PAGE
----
The images of Matthew Heimbach in the center of the white supremacist protest in Charlottesville, Va., earlier this month that ended in violence and death left Richard Vatz with a feeling of sadness — but not surprise.
Heimbach, 26, clad in a black combat helmet with a body guard in tow, has become a fixture on the white nationalist and neo-Nazi speaking circuit since graduating from Towson University in 2013. In Charlottesville, where demonstrators marched down the streets, yelled anti-Semitic chants such as “Jews will not replace us” and proudly displayed Nazi swastikas, Heimbach was once again front and center.
But each time the burly, black-bearded and baby-faced Heimbach appeared on national news reports, Vatz couldn’t help but cringe at the path his former student advisee has chosen for himself.
“He is not one of the students I would point to who represents my influence,” said Vatz, a professor of rhetoric and communication at Towson. “My basic reaction is that it is very sad to see someone throw his life away on ridiculous kinds of persuasive promotion.”
Vatz, 70, first met Heimbach in 2011 when he agreed to sponsor a Towson student group Heimbach started called Youth for Western Civilization. The group came under fire after members scribbled “White Pride” messages in chalk on campus sidewalks, drawing intense backlash from faculty and students alike. Vatz would later withdraw his sponsorship.
More than four years have passed since Vatz last spoke with Heimbach, but he continues to follow Heimbach’s career in the news and feels it has become increasingly radicalized.
Heimbach did not respond to multiple requests seeking comment.
The demonstrations in Charlottesville that Heimbach helped organize were perhaps the most visible manifestation to date of the alt-right, a formation of old and new white supremacist groups emboldened by President Donald Trump, Vatz said.
Vatz, a conservative political observer, criticized Trump for waiting two days after the conclusion of the protest to call out white nationalist groups by name. The president first blamed violence “on many sides.” He then denounced the white nationalist groups, but later defended his original comments.
“One of the ways to understand Donald Trump is that he focuses on consequences, not on principles,” Vatz said. “He sees something and makes a political calculation about the consequences. That’s not the sign of true leadership. You have to be willing to call out groups and people such as Matthew Heimbach, even if they support you.”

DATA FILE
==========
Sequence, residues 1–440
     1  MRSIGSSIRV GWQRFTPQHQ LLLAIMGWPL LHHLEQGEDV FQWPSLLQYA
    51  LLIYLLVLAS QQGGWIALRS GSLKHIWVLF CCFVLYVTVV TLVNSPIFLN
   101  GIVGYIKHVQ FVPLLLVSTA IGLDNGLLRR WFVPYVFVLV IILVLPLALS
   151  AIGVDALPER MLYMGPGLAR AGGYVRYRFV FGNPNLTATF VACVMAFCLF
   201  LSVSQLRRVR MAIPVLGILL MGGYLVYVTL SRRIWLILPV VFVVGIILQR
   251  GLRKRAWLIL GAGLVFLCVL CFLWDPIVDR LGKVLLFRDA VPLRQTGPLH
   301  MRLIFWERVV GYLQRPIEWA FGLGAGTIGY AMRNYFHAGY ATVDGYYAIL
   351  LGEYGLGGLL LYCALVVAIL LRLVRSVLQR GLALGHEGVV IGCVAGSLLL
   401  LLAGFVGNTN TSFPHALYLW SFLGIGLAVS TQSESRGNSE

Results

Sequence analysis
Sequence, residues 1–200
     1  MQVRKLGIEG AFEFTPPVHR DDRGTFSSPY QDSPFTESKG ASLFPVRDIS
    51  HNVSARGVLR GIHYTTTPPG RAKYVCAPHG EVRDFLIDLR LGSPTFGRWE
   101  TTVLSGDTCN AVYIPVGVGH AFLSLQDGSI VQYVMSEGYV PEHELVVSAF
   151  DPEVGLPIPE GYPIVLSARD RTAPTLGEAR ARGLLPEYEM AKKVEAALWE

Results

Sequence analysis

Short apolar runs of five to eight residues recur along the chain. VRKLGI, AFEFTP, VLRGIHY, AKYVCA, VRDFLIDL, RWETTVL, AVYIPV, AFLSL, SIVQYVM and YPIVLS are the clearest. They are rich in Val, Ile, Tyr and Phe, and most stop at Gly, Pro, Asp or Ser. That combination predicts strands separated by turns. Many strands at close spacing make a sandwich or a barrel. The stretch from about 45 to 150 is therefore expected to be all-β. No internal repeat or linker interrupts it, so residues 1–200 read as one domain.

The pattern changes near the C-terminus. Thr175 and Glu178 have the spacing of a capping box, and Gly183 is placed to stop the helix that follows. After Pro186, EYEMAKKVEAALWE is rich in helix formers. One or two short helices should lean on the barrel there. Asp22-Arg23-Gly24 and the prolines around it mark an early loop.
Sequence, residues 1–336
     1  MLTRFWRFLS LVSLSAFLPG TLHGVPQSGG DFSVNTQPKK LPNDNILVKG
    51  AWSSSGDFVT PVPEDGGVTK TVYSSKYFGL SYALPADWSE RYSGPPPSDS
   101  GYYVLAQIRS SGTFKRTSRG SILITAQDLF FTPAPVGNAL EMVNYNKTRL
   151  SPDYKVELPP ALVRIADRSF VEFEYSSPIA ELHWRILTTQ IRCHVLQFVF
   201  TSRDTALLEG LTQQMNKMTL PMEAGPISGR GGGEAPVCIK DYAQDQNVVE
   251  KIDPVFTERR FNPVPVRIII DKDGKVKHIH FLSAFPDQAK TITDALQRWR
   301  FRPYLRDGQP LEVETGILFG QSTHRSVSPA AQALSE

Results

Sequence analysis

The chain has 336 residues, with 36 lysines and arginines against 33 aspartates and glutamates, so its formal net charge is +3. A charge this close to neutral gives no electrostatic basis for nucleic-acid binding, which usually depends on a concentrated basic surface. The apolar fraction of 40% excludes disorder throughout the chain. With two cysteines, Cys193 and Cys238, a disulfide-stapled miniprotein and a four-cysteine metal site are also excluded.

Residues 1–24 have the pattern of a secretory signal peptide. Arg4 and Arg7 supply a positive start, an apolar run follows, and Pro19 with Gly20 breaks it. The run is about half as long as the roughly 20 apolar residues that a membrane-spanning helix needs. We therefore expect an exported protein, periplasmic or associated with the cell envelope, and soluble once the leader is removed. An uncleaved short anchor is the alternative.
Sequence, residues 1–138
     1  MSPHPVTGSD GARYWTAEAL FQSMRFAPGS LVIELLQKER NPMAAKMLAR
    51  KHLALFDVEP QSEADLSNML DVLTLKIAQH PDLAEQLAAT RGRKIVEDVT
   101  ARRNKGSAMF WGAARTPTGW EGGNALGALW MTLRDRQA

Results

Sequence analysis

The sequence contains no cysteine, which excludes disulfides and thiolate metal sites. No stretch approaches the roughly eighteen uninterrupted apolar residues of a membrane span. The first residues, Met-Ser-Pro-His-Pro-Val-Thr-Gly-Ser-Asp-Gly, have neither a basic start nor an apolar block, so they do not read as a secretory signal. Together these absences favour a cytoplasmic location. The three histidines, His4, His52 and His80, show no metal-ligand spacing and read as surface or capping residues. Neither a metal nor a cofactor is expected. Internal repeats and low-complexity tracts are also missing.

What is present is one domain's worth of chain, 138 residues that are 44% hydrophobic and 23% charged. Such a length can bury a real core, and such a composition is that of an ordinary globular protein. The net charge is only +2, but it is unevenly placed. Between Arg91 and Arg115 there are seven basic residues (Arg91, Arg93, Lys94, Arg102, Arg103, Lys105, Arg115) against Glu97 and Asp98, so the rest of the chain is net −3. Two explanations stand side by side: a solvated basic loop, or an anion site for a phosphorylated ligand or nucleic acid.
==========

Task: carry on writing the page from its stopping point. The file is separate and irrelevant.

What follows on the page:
For years, Heimbach has drawn media scrutiny as chairman and co-founder of the Traditionalist Worker Party, a group that civil rights organization Southern Poverty Law Center has associated with the white nationalist movement.
The SPLC classifies the organization as a hate group and says it “advocates for racially pure nations and communities and blames Jews for many of the world’s problems.” Heimbach is a Holocaust denier and “considered by many to be the face of a new generation of white nationalists,” according to the SPLC.
In a “Vice News Tonight” 22-minute documentary titled “Charlottesville: Race and Terror,” Heimbach, who grew up in affluent Poolesville, Md., and now lives in rural Indiana, took issue with what he sees as a Jewish power structure.
After the protest was declared an “unlawful assembly” by police, Heimbach told Vice, “If that doesn’t go to show that the radical left, the corporations and the state are all on the same Jewish side, a moment like this proves it.”
Despite Heimbach’s anti-Semitic rhetoric, Vatz doesn’t recall an incident at Towson in which Heimbach was so hostile toward Jewish individuals.
“[But] I think he has clearly caught up on that since then,” said Vatz, who is Jewish.
While Vatz said he never had an unpleasant interaction with Heimbach, he noticed more and more disconcerting political and cultural views from his pupil that made him question his sponsorship of YWC. Vatz pulled his support of the group “six to 10 months after it formed,” citing racist remarks Heimbach made about African-American and Muslim students as the final straw.
“It turned out he was not too impressive of a guy,” Vatz said. “I had no choice but to pull my support for the group. He became more and more of the person my mother said I shouldn’t associate with.”
Shortly after YWC disbanded, Heimbach formed a new group called the White Student Union to conduct nighttime patrols in response to what he described as an uptick in black-on-white crime.
Towson never sanctioned the group, denying its request for approval in part because the group was unable to find a faculty member willing to serve as an advisor. Ray Feldmann, a Towson spokesman who did not mention Heimbach by name, declared that the university stood for diversity and tolerance and denounced the racism and bigotry that descended on Charlottesville.
“Towson University stands by its commitment to provide a diverse, inclusive and welcoming campus for every member of the TU community,” Feldmann said.